“This tells us that practicing a skilled movement and the development of expertise leads to more efficient generation of neuron activity in the primary motor cortex to produce the movement. The increase in efficiency could be created by a number of factors such as more effective synapses, greater synchrony in inputs and more finely tuned inputs,” Dr. Strick noted. “What is really important is that our results indicate that practice changes the primary motor cortex so that it can become an important substrate for the storage of motor skills. Thus, the motor cortex is adaptable, or plastic.

Exercise for Parkinson’s Patients

(With adept application, many human interventions may be crossed over to non-human animal functional rehab :))

Becky G. Farley, PhD, PT, MS, knows that exercise is about more than fitness-it is a physiological tool that encourages the body’s own endogenous brain repair mechanisms.

“Exercise promotes brain health and, thereby, may protect the remaining ‘viable’ dopamine neurons, called neuroprotection,” she said.

It also optimizes brain function through activity-dependent plasticity mechanisms that can restore function to damaged pathways, normalize interference from inefficient signaling and increase reliance on undamaged systems.

In July 2010, Dr. Farley founded NeuroFit NetWorks, a non-profit program dedicated to developing and expanding access to research-based exercise programming that is proactive, optimizes brain health/function, and changes the lives of individuals living with a neurodegenerative disease.

Exercise, she said, may at the very least slow motor deterioration in patients with Parkinson’s disease, and, if started early enough, may be able to modify disease progression.

Research, Advocacy & Education
While at the University of Arizona, Dept. of Physiology, Dr. Farley researched muscle activation mechanisms that underlie one of the primary symptoms in patients with Parkinson’s disease. This research led to the development of an exercise program called LSVT BIG™ to target bradykinesia (a slowness of movement) and an NIH-funded randomized clinical trial.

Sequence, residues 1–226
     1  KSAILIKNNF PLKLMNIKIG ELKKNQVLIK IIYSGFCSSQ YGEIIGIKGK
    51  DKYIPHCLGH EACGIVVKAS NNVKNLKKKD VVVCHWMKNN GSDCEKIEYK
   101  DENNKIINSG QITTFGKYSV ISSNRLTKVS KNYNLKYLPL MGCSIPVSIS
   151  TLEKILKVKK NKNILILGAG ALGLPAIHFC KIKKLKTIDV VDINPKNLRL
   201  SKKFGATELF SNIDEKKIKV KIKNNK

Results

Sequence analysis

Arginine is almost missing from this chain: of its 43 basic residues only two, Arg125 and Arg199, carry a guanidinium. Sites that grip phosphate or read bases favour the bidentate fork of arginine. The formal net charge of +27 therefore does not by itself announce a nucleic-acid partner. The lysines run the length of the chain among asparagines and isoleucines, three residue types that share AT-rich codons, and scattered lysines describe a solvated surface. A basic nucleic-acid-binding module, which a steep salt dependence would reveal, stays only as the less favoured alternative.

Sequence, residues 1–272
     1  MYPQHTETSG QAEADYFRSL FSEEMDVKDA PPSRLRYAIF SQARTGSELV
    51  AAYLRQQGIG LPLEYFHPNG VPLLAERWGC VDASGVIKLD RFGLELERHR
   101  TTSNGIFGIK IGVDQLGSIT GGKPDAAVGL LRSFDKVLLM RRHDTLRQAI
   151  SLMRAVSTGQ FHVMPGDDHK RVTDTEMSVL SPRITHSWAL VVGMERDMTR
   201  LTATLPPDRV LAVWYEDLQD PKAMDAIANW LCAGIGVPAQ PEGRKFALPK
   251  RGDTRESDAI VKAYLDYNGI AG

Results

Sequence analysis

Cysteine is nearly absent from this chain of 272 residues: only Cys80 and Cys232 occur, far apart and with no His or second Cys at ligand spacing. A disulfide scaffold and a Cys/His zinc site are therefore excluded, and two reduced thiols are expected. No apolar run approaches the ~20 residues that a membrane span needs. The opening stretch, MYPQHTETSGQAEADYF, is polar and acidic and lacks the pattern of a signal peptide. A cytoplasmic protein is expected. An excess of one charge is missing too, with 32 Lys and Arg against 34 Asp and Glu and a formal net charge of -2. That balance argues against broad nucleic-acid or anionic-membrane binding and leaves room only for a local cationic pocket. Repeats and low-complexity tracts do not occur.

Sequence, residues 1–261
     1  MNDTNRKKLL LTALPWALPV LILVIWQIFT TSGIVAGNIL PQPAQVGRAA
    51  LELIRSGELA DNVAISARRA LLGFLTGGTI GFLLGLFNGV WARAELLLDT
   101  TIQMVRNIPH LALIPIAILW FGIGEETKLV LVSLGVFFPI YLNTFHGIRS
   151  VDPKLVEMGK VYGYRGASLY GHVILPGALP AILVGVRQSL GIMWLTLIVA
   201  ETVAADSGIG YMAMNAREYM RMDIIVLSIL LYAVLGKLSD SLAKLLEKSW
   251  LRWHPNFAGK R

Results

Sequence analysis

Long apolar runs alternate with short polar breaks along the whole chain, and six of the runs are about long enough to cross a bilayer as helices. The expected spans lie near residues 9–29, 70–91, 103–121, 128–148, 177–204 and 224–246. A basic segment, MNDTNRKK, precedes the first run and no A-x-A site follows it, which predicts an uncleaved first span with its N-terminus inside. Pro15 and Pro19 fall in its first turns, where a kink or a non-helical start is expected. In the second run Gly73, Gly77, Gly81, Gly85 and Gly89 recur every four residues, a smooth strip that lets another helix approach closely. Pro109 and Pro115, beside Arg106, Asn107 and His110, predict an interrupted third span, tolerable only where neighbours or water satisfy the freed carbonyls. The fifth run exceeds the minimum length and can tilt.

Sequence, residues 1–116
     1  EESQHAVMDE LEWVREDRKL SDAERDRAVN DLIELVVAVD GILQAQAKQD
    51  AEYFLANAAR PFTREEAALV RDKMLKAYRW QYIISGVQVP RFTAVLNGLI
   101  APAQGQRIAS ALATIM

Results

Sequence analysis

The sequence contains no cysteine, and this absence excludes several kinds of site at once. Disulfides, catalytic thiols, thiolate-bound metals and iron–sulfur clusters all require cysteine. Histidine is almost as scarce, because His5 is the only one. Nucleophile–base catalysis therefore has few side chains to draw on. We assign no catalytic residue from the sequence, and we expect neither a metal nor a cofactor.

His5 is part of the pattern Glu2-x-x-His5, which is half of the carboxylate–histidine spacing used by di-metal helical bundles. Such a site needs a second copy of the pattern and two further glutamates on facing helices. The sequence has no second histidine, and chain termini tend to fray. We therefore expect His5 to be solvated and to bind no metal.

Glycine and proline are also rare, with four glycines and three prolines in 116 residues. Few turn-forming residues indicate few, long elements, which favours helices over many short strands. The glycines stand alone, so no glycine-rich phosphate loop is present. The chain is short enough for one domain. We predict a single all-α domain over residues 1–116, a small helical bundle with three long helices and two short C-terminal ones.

After training more than 5,000 physical and occupational therapists around the world in how to instruct people with Parkinson’s disease in LSVT BIG™ methods, Dr. Farley realized that basic and clinical science research about exercise and Parkinson’s disease is not being translated to real-world application.

“For example, continuous access to proactive neuroplasticity-principled programs that have been shown in animals to slow disease progression.are not available,” she explained. “As it stands now, patients with Parkinson’s disease rarely go to therapy, and when they do, it is usually only after they lose function and start to fall. And those that do go are rarely seen by PD-exercise experts.”

Even if they do find therapists that understand Parkinson’s disease, most patients are not implementing approaches that adhere to the principles of practice that are required to promote learning and plasticity. Instead, outdated guidelines are implemented that promote using strategies or working on secondary impairments like weakness and flexibility.

“No doubt these things help make life better for patients with Parkinson’s disease, but they don’t target the problems that got them to that level of disability. So, ultimately nothing is changed,” said Dr. Farley.

NeuroFit NetWorks plans to change that. The non-profit is advocating for translation of this research now. They have started a national Parkinson Exercise Revolution to help people get better and stay better with exercise. Dr. Farley is conducting training workshops nationally for therapists and fitness professionals to become Parkinson’s disease exercise experts and to work together in their local communities to implement early intervention and continuous access to PD-specific exercise for life.

A model neuro-fitness center in Tucson, AZ, is currently being developed to show how rehab can be accessible and integrated with community fitness programming to optimize learning and function.

“This is the infrastructure that we think offers promise to delay disease onset, slow disease progression, restore motor function, and increase longevity and quality of life for people with neurodegenerative or neurological conditions, and for those individuals at risk for these conditions,” Dr. Farley noted.

It will take advocacy; education of the medical, fitness community and lay public; and working with health care systems to change existing paradigms, demonstrate health care cost savings, and document slowing of motor deterioration.

Research-Based Exercise Programs
All exercise programs at NeuroFit NetWorks are implemented within the context of the Exercise4BrainChange™ (E4BC) model that requires therapists and fitness professionals to incorporate instructions, feedback, and research techniques that promote four essential learning constructs: prepare, activate, reflect, motivate.

These constructs can accommodate multiple exercise approaches and be customized to address a disease’s specific physical/cognitive/emotional deficits. The depth of the content can be modified to allow for a system of communication with a similar language across a variety of therapeutic disciplines and exercise professionals. This is the first time that these essential principles have been described in a manner that can help clinicians implement these concepts immediately with their patients.